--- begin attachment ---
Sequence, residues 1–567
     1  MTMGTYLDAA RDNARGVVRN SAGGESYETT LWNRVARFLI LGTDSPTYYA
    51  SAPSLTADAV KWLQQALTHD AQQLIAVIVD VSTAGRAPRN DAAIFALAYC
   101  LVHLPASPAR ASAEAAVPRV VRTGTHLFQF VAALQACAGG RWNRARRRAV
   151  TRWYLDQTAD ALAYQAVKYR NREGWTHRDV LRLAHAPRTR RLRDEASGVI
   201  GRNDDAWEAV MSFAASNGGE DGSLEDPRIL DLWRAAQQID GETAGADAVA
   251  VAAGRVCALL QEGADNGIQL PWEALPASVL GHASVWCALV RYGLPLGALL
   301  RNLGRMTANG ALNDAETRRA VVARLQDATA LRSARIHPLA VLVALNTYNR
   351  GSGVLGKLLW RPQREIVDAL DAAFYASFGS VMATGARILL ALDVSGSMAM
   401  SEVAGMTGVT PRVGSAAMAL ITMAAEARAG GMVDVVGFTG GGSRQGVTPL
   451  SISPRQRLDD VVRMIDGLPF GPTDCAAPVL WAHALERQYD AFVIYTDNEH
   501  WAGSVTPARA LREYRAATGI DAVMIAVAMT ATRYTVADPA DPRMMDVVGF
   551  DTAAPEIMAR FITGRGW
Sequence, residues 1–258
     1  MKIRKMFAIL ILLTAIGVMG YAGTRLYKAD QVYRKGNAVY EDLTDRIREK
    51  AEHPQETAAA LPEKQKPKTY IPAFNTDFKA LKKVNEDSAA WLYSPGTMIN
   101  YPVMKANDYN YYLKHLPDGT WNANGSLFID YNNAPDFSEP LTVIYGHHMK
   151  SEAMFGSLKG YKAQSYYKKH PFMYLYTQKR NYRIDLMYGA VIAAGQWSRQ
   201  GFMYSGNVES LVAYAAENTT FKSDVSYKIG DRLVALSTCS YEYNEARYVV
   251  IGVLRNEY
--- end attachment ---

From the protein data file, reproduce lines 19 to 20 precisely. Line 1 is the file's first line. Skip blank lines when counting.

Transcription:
   201  GFMYSGNVES LVAYAAENTT FKSDVSYKIG DRLVALSTCS YEYNEARYVV
   251  IGVLRNEY